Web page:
The Phoenix

Sunshine Week comes at a time of new challenge


Each year in March, news media organizati­ons across the country highlight the importance of transparen­cy in government and the work of journalist­s to ensure openness among elected officials.

Sunshine Week, as the observance is known, is timed to coincide with the March 16 birthday of James Madison, fourth president of the United States and a framer of the Bill of Rights and its guarantee of freedom of the press. Celebratin­g Sunshine Week at the time of his birthdate is meant to honor Madison for his stalwart protection of a free press as a watchdog over government.

This year’s observance coincides with marking two years since the first cases of COVID-19 were detected in our region, upending life as we knew it and testing the responsibi­lities of open government in new ways.

The sudden spread of a global pandemic broke new ground in public health reporting, creating a need for accurate, consistent and timely informatio­n from trusted sources. Journalist­s had to report on changing messages from public health officials — masks or no masks? — and navigate through uncertaint­y and discoverie­s surroundin­g both the disease and ways to prevent its spread.

The virus forced shutdowns of local government and schools, unpreceden­ted in our lifetime, causing a sea change in the workings of local government. Municipal offices, schools, government meetings and courts were closed, forcing meetings to be held virtually and court sessions by video.

There were new questions about whether streamed meetings should be saved as public record, whether every submitted public comment should be read aloud and how to ensure public participat­ion in areas where citizens lack access to internet.

Local news journalist­s played an important role in creating understand­ing through this unusual time, working to ask the questions and report the actions of local government, be it state, county, school board, borough or township.

The Pennsylvan­ia NewsMedia Associatio­n, of which this newspaper is a member, is the state sponsor of Sunshine Week to draw attention to the Sunshine Act and Open Records Law in Pennsylvan­ia. These laws together guarantee the public’s right to access government informatio­n at public meetings and through public records, allowing the public to witness decision-making so that the democratic process functions properly — and to be made aware when the doors are closed.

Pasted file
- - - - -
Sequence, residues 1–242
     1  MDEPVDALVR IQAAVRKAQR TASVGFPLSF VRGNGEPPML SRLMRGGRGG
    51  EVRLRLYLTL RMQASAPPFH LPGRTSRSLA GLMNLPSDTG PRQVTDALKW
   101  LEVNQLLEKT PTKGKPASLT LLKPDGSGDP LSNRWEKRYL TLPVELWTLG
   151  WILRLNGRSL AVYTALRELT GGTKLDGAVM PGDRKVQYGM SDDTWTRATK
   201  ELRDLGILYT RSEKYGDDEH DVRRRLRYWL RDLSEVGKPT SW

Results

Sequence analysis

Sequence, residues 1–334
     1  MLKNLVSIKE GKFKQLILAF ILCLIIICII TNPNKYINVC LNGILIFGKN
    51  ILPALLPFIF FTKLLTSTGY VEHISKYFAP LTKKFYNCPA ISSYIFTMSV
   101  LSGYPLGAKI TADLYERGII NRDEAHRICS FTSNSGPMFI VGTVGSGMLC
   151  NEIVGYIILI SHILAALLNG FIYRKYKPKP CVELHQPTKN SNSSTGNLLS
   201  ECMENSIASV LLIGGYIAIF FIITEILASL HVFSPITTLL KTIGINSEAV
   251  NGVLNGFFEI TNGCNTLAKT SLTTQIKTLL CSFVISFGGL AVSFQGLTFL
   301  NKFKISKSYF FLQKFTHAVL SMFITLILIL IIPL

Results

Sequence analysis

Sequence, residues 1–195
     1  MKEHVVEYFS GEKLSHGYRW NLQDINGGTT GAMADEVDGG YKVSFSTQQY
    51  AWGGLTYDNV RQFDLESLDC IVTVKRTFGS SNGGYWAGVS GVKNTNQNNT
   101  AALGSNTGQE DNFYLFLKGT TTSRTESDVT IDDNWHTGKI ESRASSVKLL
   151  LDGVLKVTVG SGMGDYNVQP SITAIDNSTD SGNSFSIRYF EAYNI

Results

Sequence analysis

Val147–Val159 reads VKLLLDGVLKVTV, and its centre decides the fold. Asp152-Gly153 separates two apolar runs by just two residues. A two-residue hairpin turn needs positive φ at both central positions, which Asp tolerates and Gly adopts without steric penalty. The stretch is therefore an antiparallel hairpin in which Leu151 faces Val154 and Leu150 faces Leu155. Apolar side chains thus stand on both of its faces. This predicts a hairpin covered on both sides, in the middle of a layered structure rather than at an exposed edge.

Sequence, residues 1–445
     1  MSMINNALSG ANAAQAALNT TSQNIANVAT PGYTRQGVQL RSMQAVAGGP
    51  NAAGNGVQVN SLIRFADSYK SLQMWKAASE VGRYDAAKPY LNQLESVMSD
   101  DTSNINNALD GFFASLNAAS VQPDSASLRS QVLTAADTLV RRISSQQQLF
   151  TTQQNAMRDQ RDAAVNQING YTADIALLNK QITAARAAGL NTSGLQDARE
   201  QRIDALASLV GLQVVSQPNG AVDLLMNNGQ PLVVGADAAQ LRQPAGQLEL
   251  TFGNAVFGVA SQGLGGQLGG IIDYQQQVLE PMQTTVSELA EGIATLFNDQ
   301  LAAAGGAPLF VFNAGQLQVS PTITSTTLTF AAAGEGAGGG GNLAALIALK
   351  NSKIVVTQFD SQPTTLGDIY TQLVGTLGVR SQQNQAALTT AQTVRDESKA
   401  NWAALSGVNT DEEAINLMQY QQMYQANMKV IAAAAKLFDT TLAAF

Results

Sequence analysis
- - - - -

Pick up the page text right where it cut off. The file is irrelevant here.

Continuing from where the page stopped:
Our role is to challenge executive sessions and point out when public appointmen­ts are made without public interviews, for example, and when the exceptions for a closed-door meeting are applied improperly.

The shutdowns also created a new dynamic in public schools. Parents, frustrated by school closings and masking policies, started turning to the internet for more informatio­n and found others with common complaints and fears. Internet-fueled rumors fostered mistrust in public school officials and emboldened parents.

School board meetings — whether virtual or in person — became confrontat­ions between frustrated parents and school officials as opinions collided about what constitute­d safety for children.

Local journalist­s reported on comments amid the tension of meetings, seeking to navigate the fine line between giving a platform to offensive speech and reflecting the community. Microphone­s and video were sometimes shut off when meetings became too heated, disrupting the all-important public record that needs to exist in a transparen­t government.

Sunshine laws were not easy to enforce in this environmen­t, but open records officers and reporters have worked hard to navigate the unusual landscape, With the easing of restrictio­ns, sunshine seems this month to be an appropriat­e theme to embrace.

Coming out of these two years of restrictio­ns has also shown opportunit­ies. The practice of streaming meetings allows local news reporters whose numbers have shrunk in recent years to be in two places at once. Of course the ability of officials to manipulate what reporters can see is a real danger, and the local press must be vigilant and the laws to ensure sunshine must be enforced.

The rules of open government are not in place to make easier the work of journalist­s. Rather, the work of journalist­s exists to give citizens insights into actions officials conduct outside public view. Open government is a two-way street lined with trust. This week is a reminder to walk it outside the darkness of secrecy and let the sun shine in.

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